Data On Poverty In Israel
The National Insurance Institute in Israel has over the years carried out research on poverty by processing data from the Central Bureau of Statistics Income Surveys 6,7 , which we reviewed and analysed.
The methods to measure poverty in Israel are based on three factors. The
The poverty line per standard person in Israel was set at 50% of the median net income per standard person and a family in Israel was considered poor, if its net income, divided by the number of standard persons in the family was lower than the poverty line per standard person. The poverty line per family can be calculated by multiplying the poverty line per standard person by the number of standard persons in the family 6.
From 1998 the Central Bureau of Statistics has produced a combined Income Survey, based on both the current Income Survey and the Family Expenditure Survey. This combined Survey encompasses 95% of all households in Israel in most forms of settlements.
The poverty incidence reflects the scope of poverty by giving the percentage of poor families in the total population and the poverty gap indicates the depth of poverty. The poverty gap index or ratio can be standarized and defined as the ratio between the average poverty gap per poor family and the poverty line. The income inequality among the entire population is measured by the GINI index6,7 .
Results From The Combined Income Surveys In Israel In Recent Years
The data from 1998, 1999 and 2000 is shown in Table 1. Over this three year period the incidence of poverty was constant with around 18% of all families. The number of families living in poverty in 2000 was 305,400 with 1,088,100 persons and 481,100 children. In other words 25% of the children or every fourth child in Israel live in poverty.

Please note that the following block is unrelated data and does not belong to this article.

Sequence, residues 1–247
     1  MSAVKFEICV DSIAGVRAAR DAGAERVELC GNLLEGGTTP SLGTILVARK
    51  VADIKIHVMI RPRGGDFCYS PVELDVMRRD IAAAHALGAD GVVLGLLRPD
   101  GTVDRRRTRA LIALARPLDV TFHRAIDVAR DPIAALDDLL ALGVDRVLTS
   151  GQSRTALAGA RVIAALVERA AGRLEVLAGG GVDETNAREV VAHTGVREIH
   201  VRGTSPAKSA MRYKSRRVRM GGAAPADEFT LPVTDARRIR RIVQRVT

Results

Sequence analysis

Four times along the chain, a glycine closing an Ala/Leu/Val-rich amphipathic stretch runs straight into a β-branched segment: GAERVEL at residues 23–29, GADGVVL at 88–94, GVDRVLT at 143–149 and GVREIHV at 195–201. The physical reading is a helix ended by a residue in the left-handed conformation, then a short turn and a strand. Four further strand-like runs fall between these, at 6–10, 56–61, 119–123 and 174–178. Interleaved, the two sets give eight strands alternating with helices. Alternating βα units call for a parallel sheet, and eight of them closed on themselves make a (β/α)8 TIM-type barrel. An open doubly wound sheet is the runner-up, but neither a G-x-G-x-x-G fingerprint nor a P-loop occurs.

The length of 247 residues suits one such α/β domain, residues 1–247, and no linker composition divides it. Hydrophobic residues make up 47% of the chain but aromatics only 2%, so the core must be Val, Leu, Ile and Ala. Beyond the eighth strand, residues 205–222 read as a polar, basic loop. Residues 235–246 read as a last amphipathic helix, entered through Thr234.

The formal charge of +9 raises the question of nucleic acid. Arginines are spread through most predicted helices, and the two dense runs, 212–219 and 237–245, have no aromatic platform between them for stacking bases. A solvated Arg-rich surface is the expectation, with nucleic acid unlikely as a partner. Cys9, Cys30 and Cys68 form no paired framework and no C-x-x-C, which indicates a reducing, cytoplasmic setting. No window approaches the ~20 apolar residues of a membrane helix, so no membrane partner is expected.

The incidence of poverty among families headed by an elderly person rose from 24.3% in 1998 to 25% in 1999 6, which was caused by the slight erosion in the level of the basic old-age pension, but came back to 24.4 in 2000 7. The incidence of poverty among families with children increased from 17.9% in 1998 to 19.3% in 1999 6, which was mainly caused by the rise in poverty among large families with four or more children. However, it rose dramatically to 32.7% in 2000 7. In 1999 the net income in 41.6% of large families was below the poverty line. The incidence of poverty among large Jewish families did not change significantly, but among large non-Jewish families it rose from 50% in 1998 to 61% in 1999 due to a rise in unemployment 6.
The incidence of poverty in 1999 in families headed by a working person was at the same level as 1998 (9.3%) with the same trend for families headed by a non-worker (at 62%)6, but in 2000 it fell to 9.0% for workers and stayed at 62.4% for non-workers 7. In single parent families the rate was 23.7% in 1999 6 and 25.1% in 2000 7 and in non-Jewish families 42.3% in 1999 6 and 42.9% in 2000 7. The incidence in new immigrant families rose from 16.8% in 1998 to 18.0% in 1999 6 and to 18.7% in 2000 7.
There were marked differences in the distribution of poverty, when the map of Israel was studied in 2000 7 . The Jerusalem district, the northern district and the southern district were all with a high incidence of poverty with 29% in the north, 23.3% in Jerusalem and 20% in the south. The poorest cities in Israel were Jerusalem, Bnei Brak and Ashdod with 22-33% of the families below the poverty line. 7
The income gap in Israel became worse from 1997 to 1999, when the GINI index rose from 0.509 to 0.512 6, but it decreased to 0.509 again in 2000 7.
Israel Compared To Other Countries
When Israel was compared to some other developed countries (see Table 2) it was found that only United States had a worse poverty incidence with Sweden, Norway and Luxembourg at the better end of the scale. The children of Scandinavia came out with the lowest percentage in the 3-4% range.
Poverty And Health
The studies from England1 and Denmark 2,3 showed marked long term health effects on growing up in poor neighbourhoods. Other studies 9 have also shown adverse effects on child development and health when growing up in poverty. When living in poverty, children will have less access to optimal medical care and surveillance, proper nutrition and safe environments.
The health problems will often persist and have consequences for long-term development 1,2 3,9.
In recent years there has been some discussion10 about the definition of poverty and what it measures. The US Government will consider a family poor, when its pre-taxation cash income falls below the standard poverty line4. The poverty line is adjusted each year by inflation according to the minimal amount of money that is needed to maintain a nutritionally adequate diet for different family size and composition.